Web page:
Finding undermines belief behemoths roamed earth 60 million years ago
A team of attorneys is jumping to the defense of a scientist who was fired after making the stunning discovery of soft tissue attached to a triceratops skeleton, undermining the belief that dinosaurs roamed earth no less than 60 million years ago.
The Pacific Justice Institute said its case on behalf of Mark Armitage alleges a university official where Mark Armitage worked shouted at him, “We are not going to tolerate your religion in this department!”
The suit against California State University Northridge, filed recently in Los Angeles County Superior Court against the board of trustees, alleges discrimination.
“Terminating an employee because of their religious views is completely inappropriate and illegal,” said Brad Dacus, PJI president.
“But doing so in an attempt to silence scientific speech at a public university is even more alarming. This should be a wakeup call and warning to the entire world of academia,” he said.
Armitage’s lawyers said he was at a dig in the Hell Creek formation in Montana in 2012 when he came up with “the largest triceratops horn ever unearthed at the site.”
Later, while examining the specimen under a high-powered microscope at CSUN, he discovered the soft tissue.
“The discovery stunned members of the scientific community because it indicates that dinosaurs roamed the earth only thousands of years in the past rather than going extinct 60 million years ago,” the legal team explained.
Armitage, a published scientist of over 30 years, then was dismissed when CSUN abruptly claimed his appointment at the university of 38 months had been temporary and there was no funding for his position.
The lawyers said the claim contradicted prior statements and documents from the university.
According to Armitage’s biography, he had been serving as the manager for the Electron and Confocal Microscopy Suite in the school’s biology department.
That’s where he was working when his discovery of the soft tissue was published in Acta Histochemica.
He previously found two new species of trematodes and reported the discovery of new hosts for several trematodes. He also discovered short half-life radiohalos in clear diamonds.
He is a lifetime member of the Creation Research Society, where he has served on the board of directors since 2006. He’s also in the Microscopy Society of America, the Southern California Academy of Sciences and the American Society of Parasitologists.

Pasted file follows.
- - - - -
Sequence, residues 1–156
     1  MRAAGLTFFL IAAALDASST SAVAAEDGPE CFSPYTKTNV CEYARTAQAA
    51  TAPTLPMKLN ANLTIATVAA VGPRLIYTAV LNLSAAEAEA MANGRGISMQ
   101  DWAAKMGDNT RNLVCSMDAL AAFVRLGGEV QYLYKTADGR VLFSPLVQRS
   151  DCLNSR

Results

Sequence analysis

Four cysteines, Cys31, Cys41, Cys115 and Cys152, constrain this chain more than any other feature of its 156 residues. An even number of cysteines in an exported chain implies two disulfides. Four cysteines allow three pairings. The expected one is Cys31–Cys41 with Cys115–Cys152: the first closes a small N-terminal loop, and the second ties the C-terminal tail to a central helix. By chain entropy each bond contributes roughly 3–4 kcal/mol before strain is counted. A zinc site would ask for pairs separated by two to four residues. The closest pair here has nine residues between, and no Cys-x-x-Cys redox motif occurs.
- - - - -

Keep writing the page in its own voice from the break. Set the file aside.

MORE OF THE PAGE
His graduate degrees are from Liberty University. His articles have been published in American Laboratory, Southern California Academy of Sciences Bulletin, Parasitology Research, Microscopy and Microanalysis and Microscopy Today.
Michael Peffer, staff attorney with PJI’s Southern California office, said: “It has become apparent that ‘diversity’ and ‘intellectual curiosity,’ so often touted as hallmarks of a university education, do not apply to those with a religious point of view. This suit was filed, in part, to vindicate those ideals.”
According to a report by CBSLA.com, CSUN spokeswoman Carmen Ramos Chandler said Armitage was a a temporary hire between 2010-2013.
The complaint said Armitage told university officials when he applied for the “permanent, part-time” position that he had published work regarding creationism, but he got the job anyway.
School officials previously had described him as “tops.”
“He has patience, great expertise and practices great care.”
His work gradually took on more and more responsibility and was expanded beyond his half-time original schedule, the complaint explains.
But his discovery of the soft tissue, which according to most scientific perspectives should have completely decayed millions of years ago, sent a shock wave through the department where he worked.
While Armitage was told it wasn’t an issue, only a few months later a “secret” meeting was held by faculty members in which they allegedly decided to get rid of him, the complaint states.
The action alleges discrimination based on religion, wrongful termination, retaliation, violations of academic freedom and free speech, and he subsequently was granted a “right to sue” from the Department of Fair Employment and Housing.
CBS reported that later other researchers noted that soft tissue also was found on the bones of a Tyrannosaurus rex, but they explained that by saying iron in the dinosaur’s body preserved the tissue.
Read more at http://www.wnd.com/2014/08/scientist-fired-for-making-dinosaur-discovery/#Zzo0A45Xsr0xjhrl.99